28 Sep Study Finds Need For Increased Diabetes Screening in Rural Communities
MedicalResearch.com: What is the background for this study?
Response: As the prevalence of diabetes risk factors such as obesity, high blood pressure, high cholesterol, and physical inactivity are considerably higher in US individuals residing in rural areas compared to their urban counterparts, rural residents face increased risk of developing diabetes. Diabetes screening is a useful tool that can be used to identify people with newly developed type 2 diabetes and offer them early treatment. In this study, we examined whether there are differences in diabetes screening levels between rural and urban areas across the US using nationally representative survey data from 2011, 2013, 2015, and 2017.
MedicalResearch.com: What are the main findings?
Response: We observed the following in our study:
- People who lived in urban, suburban, and rural areas all had similar levels of diabetes screening.
- There was a larger difference in diabetes screening levels between suburban residents and rural residents than between urban and rural residents.
MedicalResearch.com: What should readers take away from your report?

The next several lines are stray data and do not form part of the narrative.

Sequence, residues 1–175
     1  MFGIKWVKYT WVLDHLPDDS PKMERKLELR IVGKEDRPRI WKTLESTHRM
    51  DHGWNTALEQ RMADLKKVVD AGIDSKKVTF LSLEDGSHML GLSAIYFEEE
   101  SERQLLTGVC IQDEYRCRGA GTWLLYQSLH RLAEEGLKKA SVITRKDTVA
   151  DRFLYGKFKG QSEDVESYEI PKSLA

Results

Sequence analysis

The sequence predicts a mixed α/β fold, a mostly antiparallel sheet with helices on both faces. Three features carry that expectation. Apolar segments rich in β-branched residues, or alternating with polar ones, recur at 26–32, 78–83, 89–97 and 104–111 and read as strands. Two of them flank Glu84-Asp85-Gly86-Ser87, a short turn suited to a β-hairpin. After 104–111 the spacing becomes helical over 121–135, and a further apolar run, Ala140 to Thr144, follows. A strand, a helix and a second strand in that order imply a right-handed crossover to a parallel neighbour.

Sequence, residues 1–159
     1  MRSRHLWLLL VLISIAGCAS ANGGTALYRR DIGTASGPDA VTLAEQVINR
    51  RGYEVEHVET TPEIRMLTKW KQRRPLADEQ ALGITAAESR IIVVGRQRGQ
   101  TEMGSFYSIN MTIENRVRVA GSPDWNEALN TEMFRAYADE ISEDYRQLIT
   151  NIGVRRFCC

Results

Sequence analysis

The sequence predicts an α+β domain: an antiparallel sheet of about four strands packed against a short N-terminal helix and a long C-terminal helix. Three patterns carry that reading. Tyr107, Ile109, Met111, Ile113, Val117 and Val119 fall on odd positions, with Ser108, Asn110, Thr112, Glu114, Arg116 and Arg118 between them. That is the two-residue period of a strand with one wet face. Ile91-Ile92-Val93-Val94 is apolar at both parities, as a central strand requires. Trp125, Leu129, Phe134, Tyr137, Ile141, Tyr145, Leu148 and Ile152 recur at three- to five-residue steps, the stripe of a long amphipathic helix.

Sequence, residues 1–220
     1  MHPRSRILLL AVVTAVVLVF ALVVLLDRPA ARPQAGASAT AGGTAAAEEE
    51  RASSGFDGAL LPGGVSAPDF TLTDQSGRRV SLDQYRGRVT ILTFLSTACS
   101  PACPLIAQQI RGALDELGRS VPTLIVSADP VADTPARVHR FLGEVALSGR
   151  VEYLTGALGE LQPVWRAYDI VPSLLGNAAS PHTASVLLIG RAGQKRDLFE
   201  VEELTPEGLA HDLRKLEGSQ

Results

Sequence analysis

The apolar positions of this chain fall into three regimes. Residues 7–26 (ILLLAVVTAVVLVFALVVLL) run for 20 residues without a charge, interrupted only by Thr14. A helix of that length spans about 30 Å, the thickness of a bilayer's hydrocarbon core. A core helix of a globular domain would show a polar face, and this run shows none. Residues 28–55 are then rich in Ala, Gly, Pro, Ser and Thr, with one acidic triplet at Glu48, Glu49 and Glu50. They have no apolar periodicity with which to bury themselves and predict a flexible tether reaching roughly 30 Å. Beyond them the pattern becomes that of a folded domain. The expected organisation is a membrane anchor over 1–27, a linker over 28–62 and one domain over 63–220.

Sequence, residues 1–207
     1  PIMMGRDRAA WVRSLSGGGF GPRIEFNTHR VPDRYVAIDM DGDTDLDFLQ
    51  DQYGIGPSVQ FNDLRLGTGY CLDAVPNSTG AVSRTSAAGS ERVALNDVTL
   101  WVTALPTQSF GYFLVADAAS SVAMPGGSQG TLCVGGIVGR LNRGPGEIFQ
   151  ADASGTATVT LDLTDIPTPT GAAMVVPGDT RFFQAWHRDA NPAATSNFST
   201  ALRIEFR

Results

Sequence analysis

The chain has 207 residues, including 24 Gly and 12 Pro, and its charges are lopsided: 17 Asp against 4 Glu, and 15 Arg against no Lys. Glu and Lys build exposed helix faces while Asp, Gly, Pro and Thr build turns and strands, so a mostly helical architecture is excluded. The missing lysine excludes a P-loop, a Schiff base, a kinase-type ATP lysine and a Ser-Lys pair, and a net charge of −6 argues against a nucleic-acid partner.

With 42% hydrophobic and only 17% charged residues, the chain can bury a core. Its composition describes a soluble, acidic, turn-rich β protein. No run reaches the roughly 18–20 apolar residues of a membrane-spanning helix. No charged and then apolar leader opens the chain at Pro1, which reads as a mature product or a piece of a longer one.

Response: The similar levels of diabetes screening seen for rural, suburban, and urban residents suggests a need for increased diabetes screening in rural populations that have a higher prevalence of diabetes risk factors than urban populations, are underserved, and oftentimes lack knowledge and resources with respect to diabetes prevention and treatment.
MedicalResearch.com: What recommendations do you have for future research as a result of this work?
Response: Further research is needed to pinpoint the specific reasons as to why diabetes screening levels are not higher in rural areas whether this is due to patient beliefs or healthcare systemic factors as well as the development of diabetes screening interventions specifically targeted towards rural US populations.
BMC Public Health.
Impact of rurality on diabetes screening in the US Tran et al. BMC Public Health 2019
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